It’s Not a Matter of If But When the Debt Bubble Pops
If something cannot go on forever, it will stop.
This seems self-evident, but as Jim Rickards noted in a recent article about the ever-growing levels of debt, people tend to ignore this indisputable truth.
Total global debt reached a record of over $250 trillion in the first half of 2019, according to an Institute of International Finance report published in November. Global debt surged by $7.5 trillion through the first half of the year. “With no sign of a slowdown, we expect the global debt load to exceed $255 trillion in 2019, largely driven by the US and China.”
According to SRSrocco, global debt has added $100 trillion in debt since the 2008 financial crisis
Now, the majority of that debt went into the Stock, Bond, and Real Estate Markets. This is precisely why the US stock market has reached an all-time new high. Unfortunately, when the US and the global economy finally enters into a recession-depression, the asset values will crash while the debts remain.”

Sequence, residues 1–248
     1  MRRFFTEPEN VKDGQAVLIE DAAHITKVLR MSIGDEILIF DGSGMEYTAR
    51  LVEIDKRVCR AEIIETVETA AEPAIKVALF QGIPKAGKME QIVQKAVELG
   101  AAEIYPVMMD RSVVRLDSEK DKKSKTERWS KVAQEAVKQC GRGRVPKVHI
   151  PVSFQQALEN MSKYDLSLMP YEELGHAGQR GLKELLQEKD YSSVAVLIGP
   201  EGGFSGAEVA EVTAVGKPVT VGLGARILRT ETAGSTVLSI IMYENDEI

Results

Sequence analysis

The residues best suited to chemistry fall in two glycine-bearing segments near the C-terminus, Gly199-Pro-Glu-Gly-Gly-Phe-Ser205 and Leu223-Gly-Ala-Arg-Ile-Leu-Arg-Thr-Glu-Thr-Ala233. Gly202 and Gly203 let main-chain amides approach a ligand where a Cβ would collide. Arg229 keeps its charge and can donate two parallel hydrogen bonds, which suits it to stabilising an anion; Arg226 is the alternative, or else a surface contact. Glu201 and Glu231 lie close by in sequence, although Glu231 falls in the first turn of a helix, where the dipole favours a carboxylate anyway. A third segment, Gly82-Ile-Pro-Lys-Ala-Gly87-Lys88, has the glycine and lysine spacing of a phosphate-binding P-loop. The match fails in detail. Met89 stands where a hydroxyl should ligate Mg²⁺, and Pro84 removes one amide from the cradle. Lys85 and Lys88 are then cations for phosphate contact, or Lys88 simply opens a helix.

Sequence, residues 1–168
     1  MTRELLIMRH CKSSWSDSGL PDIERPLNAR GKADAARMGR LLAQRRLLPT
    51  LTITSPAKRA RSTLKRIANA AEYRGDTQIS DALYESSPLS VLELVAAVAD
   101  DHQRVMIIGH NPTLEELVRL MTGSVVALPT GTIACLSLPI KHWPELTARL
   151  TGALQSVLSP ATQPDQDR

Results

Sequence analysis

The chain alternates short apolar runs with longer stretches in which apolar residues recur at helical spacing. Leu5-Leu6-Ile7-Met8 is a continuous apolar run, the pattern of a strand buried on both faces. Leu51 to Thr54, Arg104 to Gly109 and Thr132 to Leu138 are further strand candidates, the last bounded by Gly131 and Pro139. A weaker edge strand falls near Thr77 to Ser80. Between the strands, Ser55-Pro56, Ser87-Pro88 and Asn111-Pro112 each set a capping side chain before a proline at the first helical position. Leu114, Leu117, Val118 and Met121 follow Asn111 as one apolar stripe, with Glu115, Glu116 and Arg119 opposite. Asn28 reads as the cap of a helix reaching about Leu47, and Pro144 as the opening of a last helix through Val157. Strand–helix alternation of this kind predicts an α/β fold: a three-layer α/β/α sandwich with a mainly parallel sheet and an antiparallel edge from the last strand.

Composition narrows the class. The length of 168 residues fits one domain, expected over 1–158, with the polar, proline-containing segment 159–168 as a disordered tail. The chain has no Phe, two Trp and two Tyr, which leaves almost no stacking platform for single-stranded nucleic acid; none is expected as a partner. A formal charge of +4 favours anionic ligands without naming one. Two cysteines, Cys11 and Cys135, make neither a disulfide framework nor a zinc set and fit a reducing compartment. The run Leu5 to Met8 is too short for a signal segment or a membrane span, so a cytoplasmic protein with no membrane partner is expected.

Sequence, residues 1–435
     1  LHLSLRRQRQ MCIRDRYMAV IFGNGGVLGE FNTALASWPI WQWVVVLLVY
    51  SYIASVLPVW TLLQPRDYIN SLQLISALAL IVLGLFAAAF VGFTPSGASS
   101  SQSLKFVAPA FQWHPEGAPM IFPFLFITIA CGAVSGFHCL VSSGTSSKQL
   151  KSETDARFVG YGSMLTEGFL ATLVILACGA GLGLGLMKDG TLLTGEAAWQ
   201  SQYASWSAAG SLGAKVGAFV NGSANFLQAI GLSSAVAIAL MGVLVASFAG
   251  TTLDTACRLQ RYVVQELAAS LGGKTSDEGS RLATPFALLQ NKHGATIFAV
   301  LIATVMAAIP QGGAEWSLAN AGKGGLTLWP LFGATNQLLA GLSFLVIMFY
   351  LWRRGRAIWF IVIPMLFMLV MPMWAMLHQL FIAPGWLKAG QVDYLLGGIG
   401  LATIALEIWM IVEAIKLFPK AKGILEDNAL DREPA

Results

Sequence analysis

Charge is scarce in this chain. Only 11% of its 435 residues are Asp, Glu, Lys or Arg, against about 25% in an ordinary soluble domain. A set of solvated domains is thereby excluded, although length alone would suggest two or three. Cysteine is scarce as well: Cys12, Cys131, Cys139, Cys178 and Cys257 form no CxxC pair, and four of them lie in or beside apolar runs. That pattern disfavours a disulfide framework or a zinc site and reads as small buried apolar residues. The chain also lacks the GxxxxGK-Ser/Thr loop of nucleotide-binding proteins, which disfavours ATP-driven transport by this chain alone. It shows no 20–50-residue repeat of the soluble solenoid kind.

In last week’s Friday Gold Wrap, Mike Maharrey included debt as one of the five big news stories that drove the gold market in 2019. Corporate, government and consumer debt have all pushed to record levels, enabled by loose central bank policy.
Rickard focused on government debt, saying we’re on “the knife-edge of a debt crisis.”
Just consider the US. The 2019 budget deficit came in at just a hair under $1 trillion. That’s the kind of deficit spending you would expect to see in the midst of a major recession. The national debt surged past $23 trillion this year and that doesn’t factor in unfunded liabilities. And the spending shows no signs of slowing down. The deficit through the first two months of fiscal 2020 was 12% bigger than the same period in FY2019.
Other countries are in the same boat. Rickards said, “Current global debt levels are simply not sustainable.”